{{expand section|any relevant sites that aren’t mentioned above.}}  
 
{{expand section|any relevant sites that aren’t mentioned above.}}  

Revision as of 18:31, 18 July 2014

England Genealogy Gotoarrow.png Nottinghamshire, England Genealogy Gotoarrow.png Nottinghamshire Parishes

Parish History[edit | edit source]

Nottingham St James, Nottinghamshire
Type Extra-parochial area (England)
Civil Jurisdictions
Hundred Nottingham
County Nottinghamshire, England Genealogy
Poor Law Union Nottingham
Registration District Nottingham
Records begin
Parish registers: 1858
Bishop's Transcripts: For records see surrounding parishes
Ecclesiastical Jurisdictions
Rural Deanery Not Applicable
Diocese Not Applicable
Legal Jurisdictions
Probate Court Search the courts of the surrounding parishes
Location of Archive
Nottinghamshire Record Office

Nottingham, St. James, is the liberty of St. James, which is extraparochial. St. James' church or chapel, on Standard Hill, was erected in 1808. There are places of worship for Baptists, Independents, Wesleyans, the Society of Friends, Huntingtonians, Sabellians, and Unitarians; a synagogue; and a Roman Catholic cathedral. This last edifice is dedicated to St. Barnabas.[1]

Additional information:

NOTTINGHAM, a borough and market-town, forming a union and county of itself, locally in the wapentake of Broxtow, N. division of the county of Nottingham, of which it is the chief town.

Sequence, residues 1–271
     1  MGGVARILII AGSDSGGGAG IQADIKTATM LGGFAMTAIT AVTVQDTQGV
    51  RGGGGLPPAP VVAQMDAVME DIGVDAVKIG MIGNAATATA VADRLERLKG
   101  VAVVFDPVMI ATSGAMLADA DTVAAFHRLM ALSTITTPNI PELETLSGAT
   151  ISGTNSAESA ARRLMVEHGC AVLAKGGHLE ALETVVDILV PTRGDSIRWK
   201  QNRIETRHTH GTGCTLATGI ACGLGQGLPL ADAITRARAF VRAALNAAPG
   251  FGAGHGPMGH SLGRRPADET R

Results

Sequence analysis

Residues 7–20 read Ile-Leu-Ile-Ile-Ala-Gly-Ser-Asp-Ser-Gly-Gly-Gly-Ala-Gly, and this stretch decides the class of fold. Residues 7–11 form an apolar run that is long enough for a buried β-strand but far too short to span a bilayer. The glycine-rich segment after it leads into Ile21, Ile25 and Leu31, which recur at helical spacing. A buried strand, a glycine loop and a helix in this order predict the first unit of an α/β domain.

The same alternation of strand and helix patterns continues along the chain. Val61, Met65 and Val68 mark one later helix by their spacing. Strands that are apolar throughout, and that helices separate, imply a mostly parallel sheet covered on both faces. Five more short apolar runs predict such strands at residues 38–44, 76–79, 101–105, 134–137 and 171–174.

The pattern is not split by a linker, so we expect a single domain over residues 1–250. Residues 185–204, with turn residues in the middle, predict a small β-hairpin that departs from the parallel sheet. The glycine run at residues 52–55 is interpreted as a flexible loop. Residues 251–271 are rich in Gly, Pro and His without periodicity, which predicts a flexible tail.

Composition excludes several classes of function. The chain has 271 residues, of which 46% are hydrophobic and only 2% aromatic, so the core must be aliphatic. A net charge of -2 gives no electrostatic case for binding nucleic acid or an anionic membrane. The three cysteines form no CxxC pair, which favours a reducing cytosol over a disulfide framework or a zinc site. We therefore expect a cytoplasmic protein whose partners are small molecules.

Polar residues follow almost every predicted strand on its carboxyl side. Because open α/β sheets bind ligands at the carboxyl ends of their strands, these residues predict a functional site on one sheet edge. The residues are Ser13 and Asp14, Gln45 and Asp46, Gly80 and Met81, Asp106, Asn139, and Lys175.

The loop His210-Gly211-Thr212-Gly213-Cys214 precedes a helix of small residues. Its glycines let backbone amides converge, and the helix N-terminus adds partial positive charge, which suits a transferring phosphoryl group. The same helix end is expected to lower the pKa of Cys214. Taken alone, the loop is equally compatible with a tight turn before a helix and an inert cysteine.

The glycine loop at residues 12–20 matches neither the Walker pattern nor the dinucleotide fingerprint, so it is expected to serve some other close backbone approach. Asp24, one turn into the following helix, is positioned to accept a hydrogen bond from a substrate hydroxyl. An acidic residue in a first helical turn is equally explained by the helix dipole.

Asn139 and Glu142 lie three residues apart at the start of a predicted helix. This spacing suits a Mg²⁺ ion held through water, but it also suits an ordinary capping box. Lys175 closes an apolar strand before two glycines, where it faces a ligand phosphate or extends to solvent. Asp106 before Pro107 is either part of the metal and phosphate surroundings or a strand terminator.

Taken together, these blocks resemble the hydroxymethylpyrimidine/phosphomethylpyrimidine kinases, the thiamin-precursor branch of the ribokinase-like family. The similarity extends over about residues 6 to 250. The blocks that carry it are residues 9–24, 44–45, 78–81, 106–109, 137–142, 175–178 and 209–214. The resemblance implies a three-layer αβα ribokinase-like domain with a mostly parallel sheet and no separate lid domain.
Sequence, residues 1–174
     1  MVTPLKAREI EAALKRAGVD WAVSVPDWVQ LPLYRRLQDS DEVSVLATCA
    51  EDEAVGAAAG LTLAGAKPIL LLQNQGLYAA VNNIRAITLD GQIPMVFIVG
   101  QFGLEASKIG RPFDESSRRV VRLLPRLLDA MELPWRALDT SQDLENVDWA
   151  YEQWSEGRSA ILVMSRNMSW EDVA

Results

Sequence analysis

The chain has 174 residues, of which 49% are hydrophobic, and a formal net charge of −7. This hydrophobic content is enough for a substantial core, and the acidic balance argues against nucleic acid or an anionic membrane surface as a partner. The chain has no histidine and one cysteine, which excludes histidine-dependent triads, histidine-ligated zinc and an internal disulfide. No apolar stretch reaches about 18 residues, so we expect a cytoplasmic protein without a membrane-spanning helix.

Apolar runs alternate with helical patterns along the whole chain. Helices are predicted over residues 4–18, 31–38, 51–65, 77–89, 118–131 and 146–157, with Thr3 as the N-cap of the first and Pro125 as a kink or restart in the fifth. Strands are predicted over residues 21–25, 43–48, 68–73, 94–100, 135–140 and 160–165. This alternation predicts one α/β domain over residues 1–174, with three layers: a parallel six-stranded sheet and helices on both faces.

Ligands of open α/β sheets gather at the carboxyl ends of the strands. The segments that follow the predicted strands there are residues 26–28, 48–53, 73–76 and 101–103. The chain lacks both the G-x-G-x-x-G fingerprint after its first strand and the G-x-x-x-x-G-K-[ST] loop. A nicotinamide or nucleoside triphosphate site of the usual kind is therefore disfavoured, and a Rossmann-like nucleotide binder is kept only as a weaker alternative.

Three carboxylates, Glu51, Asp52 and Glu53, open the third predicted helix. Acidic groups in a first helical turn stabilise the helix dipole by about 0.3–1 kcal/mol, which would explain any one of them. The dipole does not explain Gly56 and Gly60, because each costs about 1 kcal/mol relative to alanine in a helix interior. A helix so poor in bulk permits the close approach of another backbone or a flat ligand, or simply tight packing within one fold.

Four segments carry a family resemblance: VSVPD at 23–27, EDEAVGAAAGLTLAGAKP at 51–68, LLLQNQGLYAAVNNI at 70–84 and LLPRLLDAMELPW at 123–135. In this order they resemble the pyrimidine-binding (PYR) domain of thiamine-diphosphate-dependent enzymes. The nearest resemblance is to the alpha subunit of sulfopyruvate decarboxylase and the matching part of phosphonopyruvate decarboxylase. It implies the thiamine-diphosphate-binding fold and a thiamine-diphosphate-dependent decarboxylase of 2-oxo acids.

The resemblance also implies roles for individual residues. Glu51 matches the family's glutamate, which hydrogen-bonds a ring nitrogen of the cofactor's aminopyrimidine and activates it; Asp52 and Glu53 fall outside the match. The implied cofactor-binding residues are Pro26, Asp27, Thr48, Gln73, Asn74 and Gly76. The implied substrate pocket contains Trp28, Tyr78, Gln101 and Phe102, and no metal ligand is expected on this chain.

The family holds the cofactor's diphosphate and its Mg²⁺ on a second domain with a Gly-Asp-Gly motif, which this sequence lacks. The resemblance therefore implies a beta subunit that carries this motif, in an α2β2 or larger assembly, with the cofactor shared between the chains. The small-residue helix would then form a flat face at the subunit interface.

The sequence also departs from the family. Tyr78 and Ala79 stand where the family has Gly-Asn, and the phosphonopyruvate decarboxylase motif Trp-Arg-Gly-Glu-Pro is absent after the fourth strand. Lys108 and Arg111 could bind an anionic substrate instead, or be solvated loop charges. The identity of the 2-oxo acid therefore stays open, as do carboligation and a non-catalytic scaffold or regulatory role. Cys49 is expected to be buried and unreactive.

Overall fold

Resources[edit | edit source]

Civil Registration[edit | edit source]

Birth, marriages and deaths were kept by the government, from July 1837 to the present day. The civil registration article tells more about these records. There are several Internet sites with name lists or indexes. A popular site is FreeBMD.

Church records[edit | edit source]

Include here information for parish registers, Bishop’s Transcripts and other types of church records, such as parish chest records. Add the contact information for the office holding the original records.

Link to the Family History Library Catalogue showing the film numbers in their collection Nottingham St James

Census records[edit | edit source]

Census records from 1841 to 1911 are available online. For access, see England Census. Census records from 1841 to 1891 are also available on film through a Family History Center or at the Family History Library.


See Nottinghamshire Census

Poor Law Unions[edit | edit source]

Nottingham Poor Law Union, Nottinghamshire Genealogy

Probate records
[edit | edit source]

Records of wills, administrations, inventories, indexes, etc. were filed by the court with jurisdiction over this parish. Go to Nottinghamshire Probate Records to find the name of the court having primary jurisdiction. Scroll down in the article to the section Court Jurisdictions by Parish.

Maps and Gazetteers
[edit | edit source]

Maps are a visual look at the locations in England. Gazetteers contain brief summaries about a place.

Websites[edit | edit source]

References[edit | edit source]


  1. Samuel A. Lewis, A Topographical Dictionary of England (1848). Adapted, date accessed: 08 December 2013.